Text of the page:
Same Mana – Different Language
Three quarters of the Pacific Business Trust’s HATCH 2018 cohort content creating business No Six – (pictured from far left to right above as) Niko Meredith, Benji Timu and Hannah Teipo undertook four intense weeks of learning Mandarin at the National Taiwan University (NTU) in Taipei City Taiwan at the start of 2019. The trio became immersed in Taiwan’s indigenous culture and meeting indigenous people and business owners as part of the North Asia Centre of Asia-Pacific Excellence (CAPE) programme with a mind to expand.
The programme, which initially started in 2018 for Maori business students, expanded this year to include Pacific Kiva Business Scholars, with five being taken directly from our 2018 HATCH cohort.
“We knew the opportunity to go to Taiwan was business-related, so we said yes,” says Hannah, whose favourite part of the trip was meeting the indigenous people of Taiwan.
Niko and Benji agree, particularly as it yielded similarities between cultures which soon became a running theme and point of interest for the content creators.
“We had a saying while over there,” says Niko, “’Same Mana, different language’.
“This speaks to the ancestral connection shared between the Pacific and explains the sense of belonging we felt in Taiwan.”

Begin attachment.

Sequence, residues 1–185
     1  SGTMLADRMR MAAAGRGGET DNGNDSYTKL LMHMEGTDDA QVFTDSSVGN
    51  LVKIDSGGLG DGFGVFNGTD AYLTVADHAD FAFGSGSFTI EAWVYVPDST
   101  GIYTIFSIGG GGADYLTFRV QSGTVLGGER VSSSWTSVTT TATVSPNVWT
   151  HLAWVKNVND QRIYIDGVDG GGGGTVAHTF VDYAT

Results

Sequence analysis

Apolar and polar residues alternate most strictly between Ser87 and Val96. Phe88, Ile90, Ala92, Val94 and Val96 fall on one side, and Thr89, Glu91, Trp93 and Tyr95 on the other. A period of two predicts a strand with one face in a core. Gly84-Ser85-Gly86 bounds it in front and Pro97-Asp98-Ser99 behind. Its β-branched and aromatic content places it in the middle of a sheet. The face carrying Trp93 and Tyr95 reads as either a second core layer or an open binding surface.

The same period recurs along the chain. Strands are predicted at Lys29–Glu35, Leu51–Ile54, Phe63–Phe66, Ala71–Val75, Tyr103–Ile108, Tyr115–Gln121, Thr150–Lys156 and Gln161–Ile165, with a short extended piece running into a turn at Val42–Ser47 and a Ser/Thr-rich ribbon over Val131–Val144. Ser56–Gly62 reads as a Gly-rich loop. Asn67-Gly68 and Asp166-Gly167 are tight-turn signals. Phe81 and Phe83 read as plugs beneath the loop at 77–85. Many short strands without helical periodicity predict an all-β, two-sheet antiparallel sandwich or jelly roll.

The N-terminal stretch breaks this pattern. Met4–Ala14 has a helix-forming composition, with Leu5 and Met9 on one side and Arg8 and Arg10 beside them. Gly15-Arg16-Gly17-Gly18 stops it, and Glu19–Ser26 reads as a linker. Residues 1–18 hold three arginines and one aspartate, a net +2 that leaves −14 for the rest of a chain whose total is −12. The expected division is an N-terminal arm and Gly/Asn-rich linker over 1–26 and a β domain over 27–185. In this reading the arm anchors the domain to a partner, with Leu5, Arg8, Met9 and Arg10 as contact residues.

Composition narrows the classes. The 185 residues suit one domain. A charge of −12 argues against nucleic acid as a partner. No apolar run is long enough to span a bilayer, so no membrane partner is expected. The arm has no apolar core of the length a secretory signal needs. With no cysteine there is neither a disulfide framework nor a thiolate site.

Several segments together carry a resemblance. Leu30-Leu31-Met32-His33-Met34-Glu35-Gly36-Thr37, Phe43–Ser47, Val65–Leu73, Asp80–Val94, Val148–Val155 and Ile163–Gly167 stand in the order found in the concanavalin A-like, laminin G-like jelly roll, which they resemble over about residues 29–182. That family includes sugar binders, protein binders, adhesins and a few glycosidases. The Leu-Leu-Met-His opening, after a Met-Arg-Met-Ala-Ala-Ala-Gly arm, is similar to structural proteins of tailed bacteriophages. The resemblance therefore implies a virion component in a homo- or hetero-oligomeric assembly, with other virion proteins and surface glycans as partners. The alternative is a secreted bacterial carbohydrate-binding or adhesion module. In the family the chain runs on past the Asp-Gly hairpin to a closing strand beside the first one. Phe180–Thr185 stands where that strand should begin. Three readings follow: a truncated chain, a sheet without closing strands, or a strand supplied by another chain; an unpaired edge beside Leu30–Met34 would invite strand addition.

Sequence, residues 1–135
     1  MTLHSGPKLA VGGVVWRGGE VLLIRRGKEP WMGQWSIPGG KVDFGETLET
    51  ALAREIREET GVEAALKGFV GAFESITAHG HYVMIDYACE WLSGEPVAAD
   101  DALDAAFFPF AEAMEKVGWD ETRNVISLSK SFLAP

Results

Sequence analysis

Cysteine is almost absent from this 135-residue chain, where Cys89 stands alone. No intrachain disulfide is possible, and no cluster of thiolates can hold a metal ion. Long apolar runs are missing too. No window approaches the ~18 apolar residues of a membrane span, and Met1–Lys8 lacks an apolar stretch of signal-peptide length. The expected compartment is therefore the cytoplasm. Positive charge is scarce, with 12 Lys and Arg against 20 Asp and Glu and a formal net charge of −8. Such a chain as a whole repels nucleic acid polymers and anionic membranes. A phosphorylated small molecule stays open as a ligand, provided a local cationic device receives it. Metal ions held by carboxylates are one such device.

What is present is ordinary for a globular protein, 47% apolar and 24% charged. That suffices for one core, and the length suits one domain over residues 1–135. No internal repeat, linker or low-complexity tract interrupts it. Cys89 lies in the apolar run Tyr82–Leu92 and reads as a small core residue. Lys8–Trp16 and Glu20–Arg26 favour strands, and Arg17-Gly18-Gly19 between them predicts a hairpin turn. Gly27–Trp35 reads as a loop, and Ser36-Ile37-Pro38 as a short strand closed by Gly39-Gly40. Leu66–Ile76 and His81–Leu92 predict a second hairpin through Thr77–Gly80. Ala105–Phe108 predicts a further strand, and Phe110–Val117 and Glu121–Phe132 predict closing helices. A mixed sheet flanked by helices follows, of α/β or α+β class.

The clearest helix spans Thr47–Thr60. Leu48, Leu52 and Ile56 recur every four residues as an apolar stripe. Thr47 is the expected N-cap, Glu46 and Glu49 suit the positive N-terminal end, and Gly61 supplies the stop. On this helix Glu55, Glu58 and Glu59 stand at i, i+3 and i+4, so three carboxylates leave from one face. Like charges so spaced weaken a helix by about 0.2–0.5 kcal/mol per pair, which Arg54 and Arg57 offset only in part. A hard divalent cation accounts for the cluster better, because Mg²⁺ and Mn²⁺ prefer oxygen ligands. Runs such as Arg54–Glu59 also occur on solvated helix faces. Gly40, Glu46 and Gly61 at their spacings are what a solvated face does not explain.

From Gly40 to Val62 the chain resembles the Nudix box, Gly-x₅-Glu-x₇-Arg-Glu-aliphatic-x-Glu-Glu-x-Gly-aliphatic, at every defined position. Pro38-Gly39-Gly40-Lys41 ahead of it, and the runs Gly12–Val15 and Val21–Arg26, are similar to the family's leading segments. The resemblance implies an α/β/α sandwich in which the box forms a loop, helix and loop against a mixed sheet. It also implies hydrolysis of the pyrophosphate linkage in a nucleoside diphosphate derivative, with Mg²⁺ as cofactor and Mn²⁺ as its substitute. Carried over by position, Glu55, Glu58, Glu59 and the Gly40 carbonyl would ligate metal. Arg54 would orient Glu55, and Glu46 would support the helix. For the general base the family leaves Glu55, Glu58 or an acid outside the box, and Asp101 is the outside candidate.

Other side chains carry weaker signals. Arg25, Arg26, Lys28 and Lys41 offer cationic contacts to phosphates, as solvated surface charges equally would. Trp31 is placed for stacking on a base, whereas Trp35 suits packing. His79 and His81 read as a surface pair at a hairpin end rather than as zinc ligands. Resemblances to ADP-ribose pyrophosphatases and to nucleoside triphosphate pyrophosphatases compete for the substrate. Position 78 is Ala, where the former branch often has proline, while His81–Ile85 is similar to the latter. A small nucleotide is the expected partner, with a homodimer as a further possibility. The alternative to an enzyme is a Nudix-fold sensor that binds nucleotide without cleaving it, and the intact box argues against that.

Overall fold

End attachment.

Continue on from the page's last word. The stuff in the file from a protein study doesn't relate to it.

While the group felt opportunities to make meaningful business connections were challenging, with the language difference providing some of those challenges, connecting with the others from the CAPE cohort fostered a sense of family.
It also helped having the other HATCH participants on board, too. For the business partners of No Six, they produced daily content which inadvertently opened up a few business opportunities.
It opened Hannah’s eyes and made her appreciative of the support No Six receives from organisations such as the Pacific Business Trust and programmes like HATCH.
“As a Pasifika business In New Zealand, I feel we have an upper hand because we’re from such a small population, but in Taiwan, trying to be a business with millions of people in such a dense area is quite inspiring,” she says.
“We’re very fortunate with the opportunities we have here in New Zealand, especially with PBT and programmes such as HATCH, which genuinely help our business.”
Benji says the constant affirmation of No Six’s value from PBT helped them step out of their comfort zone in a completely foreign country, and the business partners agree that HATCH helped them grow.
“Having that bit of business knowledge behind us helped us understand how opportunities arise, and how we should utilise them.”
Hannah adds that just by going through the HATCH programme left them in a better position on the trip when it came to talking about their business.
“Hatch was really good in that it validated our ideas and enabled us to communicate them.”
One particular indigenous business which stood out to Hannah and Niko was Hbun: Indigenous Lifestyle.
“He makes sustainable products from just natural materials and resources in Taiwan and I thought that was the coolest,” says Hannah.
“It was cool to see an indigenous business monetise on their culture and way of life, instead of foreigners misappropriating their traditions.”
What they all agreed on was the CAPE trip and programme, while intense, allowed them to return with the same Mana they initially went to Taiwan with, as well as bringing more opportunities through the acquisition of a different language.
Check out some of the content No Six were able to create while on the exchange: